Although most of the novel is written from Russell's point of view, there is an odd place near the end where suddenly Eric is narrating, and it might have been
interesting if only Eric's voice had been just the tiniest bit different from Russell's. Unfortunately the character development just isn't there, so the romance
aspect was weak and I didn't really feel anything for the characters. It was hard to work up any real interest in them or inwhat happened to them, because the intensity of
emotion and the painstaking character development in Fortunes of War just doesn't exist in Aquamarine.
As sci fi, it also misses. The concepts don't "wow" you at any point, and the world seems more or less exactly as it is today except that most of it is under
water. It just doesn't have that post-apocalyptic feel to it. Life and culture don't seem to have been affected much at all, and the feel of the setting is more of a beach resort
than a man-made island suspended in a vast ocean. The fact that the world is under water seems somewhat incidental to the story, and the only thing of
interest is the fact that it has inspired the creation of the Aquarian race. This is perhaps the only original point in the novel; the conflict between Eric as
Russell's lab rat, Eric as Russell's lover, and Eric as a member of a minority race.
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1 of 1 people found the following review helpful By Kindle Customer on August 15, 2006
Format: Paperback Verified Purchase
I really enjoy your books. I have all the books that Amazon has sold. I am sorry to see that they do not sell anymore. I really enjoy reading them. I did however found your new site so that I can order from them. At least I can keep up on your novels. Way to go Mel.
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4 of 6 people found the following review helpful By John Sullivan on December 13, 2004
Format: Paperback
A book doctor that is.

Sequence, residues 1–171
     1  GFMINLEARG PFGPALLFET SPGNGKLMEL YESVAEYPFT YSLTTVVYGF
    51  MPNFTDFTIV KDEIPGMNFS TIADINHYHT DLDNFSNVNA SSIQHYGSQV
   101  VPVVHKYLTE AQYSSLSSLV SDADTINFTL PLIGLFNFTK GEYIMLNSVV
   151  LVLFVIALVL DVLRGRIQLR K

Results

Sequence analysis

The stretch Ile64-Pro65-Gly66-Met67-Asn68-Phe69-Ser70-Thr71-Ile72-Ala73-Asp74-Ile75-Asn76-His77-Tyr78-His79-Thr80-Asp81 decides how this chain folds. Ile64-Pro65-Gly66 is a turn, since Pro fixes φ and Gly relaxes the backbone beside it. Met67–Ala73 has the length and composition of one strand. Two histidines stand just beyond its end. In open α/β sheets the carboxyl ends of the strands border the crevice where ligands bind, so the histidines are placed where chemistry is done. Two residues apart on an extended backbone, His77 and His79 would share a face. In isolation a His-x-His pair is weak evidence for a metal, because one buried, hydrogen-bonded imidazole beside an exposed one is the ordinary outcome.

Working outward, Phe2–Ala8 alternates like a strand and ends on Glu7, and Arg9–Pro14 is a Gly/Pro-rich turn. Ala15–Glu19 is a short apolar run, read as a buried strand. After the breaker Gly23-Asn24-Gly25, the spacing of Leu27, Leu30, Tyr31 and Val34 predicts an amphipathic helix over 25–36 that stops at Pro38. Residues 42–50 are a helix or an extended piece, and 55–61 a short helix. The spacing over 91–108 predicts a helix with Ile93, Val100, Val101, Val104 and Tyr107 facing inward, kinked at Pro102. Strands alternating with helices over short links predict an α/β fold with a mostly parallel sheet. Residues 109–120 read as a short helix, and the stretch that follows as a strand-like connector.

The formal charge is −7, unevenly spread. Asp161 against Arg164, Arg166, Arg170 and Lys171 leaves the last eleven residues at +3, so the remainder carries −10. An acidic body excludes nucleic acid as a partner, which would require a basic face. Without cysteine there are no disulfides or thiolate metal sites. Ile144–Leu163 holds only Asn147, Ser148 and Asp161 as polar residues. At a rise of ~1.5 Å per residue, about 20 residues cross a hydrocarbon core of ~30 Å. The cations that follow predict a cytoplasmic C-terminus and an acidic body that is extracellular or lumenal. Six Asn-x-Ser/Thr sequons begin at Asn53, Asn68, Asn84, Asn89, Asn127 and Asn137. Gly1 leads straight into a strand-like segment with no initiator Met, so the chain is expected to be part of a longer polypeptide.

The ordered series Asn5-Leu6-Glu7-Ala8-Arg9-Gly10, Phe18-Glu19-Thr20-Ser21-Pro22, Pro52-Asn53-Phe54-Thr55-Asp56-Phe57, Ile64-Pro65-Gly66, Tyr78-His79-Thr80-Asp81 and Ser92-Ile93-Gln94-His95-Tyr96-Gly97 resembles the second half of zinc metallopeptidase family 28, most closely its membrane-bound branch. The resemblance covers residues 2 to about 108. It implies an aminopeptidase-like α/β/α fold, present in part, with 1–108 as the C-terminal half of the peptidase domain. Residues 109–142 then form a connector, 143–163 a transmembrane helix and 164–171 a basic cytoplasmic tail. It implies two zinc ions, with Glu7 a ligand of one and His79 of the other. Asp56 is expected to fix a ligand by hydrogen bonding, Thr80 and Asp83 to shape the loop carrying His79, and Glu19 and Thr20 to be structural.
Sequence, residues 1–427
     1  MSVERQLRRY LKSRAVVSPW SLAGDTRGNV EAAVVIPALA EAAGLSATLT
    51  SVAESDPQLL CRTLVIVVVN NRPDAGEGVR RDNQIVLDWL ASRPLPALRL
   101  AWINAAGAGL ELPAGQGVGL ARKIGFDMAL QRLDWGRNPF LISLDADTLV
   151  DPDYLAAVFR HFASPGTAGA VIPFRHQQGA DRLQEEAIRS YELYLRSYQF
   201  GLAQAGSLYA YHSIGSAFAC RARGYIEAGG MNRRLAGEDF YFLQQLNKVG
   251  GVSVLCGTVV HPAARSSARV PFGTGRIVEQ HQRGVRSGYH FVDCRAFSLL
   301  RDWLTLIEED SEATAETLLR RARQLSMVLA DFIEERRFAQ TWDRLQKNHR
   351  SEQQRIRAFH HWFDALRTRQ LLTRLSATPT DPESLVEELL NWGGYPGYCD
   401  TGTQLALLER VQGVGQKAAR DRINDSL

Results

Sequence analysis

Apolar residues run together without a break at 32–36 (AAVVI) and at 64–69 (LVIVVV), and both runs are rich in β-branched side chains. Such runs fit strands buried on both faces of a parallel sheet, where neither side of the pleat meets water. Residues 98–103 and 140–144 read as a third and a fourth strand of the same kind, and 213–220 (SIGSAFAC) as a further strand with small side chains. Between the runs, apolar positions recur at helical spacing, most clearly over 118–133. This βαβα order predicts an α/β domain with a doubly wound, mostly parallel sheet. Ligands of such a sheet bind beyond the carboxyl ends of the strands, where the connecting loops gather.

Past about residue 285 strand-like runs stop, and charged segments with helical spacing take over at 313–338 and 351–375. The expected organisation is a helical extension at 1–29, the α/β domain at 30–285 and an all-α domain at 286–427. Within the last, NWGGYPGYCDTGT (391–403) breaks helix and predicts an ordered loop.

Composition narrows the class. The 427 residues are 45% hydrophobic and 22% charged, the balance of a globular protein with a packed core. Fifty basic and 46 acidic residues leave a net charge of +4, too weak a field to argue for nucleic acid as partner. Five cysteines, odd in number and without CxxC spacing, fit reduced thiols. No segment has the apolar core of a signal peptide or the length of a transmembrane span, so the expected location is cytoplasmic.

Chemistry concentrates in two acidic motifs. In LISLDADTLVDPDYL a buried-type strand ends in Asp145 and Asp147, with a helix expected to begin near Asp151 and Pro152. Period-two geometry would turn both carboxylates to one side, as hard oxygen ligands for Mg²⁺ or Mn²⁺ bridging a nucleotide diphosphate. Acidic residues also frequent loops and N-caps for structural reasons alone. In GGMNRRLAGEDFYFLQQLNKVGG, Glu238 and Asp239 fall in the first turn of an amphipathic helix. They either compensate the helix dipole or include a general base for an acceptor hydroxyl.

I'm a fan of Keegan's earlier work, but I believe his later efforts (Aquamarine, White Rose, etc.) suffer from the lack of a real editor. And I don't mean a copy editor. Unlike some readers I wasn't put off by British spellings, a few typos, etc. But I am put off by lackluster characterizations and a plot swamped by an author indulging his own philosophical ramblings and a tidal wave of non-essential detail.

In Aquamarine, plot and character pay the price of exhaustive world-building and research overkill. Somewhere along the way Keegan seems to have forgotten that the best plots are character driven. And in these novels particularly, which lean heavily on romance / sexual tension between the leads, the characters and their conflicts become crucial. Keegan is unbeatable at creating great characters with emotional and psychological depth, but his weakness has always been developing believable conflicts that make the romantic subplot truly gripping-and in this novel the weakness becomes crippling. The main characters of Russell and Eric simply do not engage, and there is no "romance." Any tension or conflict is instantly resolved, wrecking any kind of plot or dramatic arc.

As for the convoluted main plot-the action (Keegan's strength) is buried in pages of long-winded STUFF that doesn't advance the story a jot or enhance the characters an iota. Maybe Keegan is losing his critical inner eye, or maybe it's just hard for any author to be ruthless with his own work, but this is where a tough-minded editor could make a vital difference.

This is the first time I've left a Keegan book unfinished. And while I will certainly buy his next book, it's the third time in a row Keegan has left me frustrated and disappointed-not promising for future sales.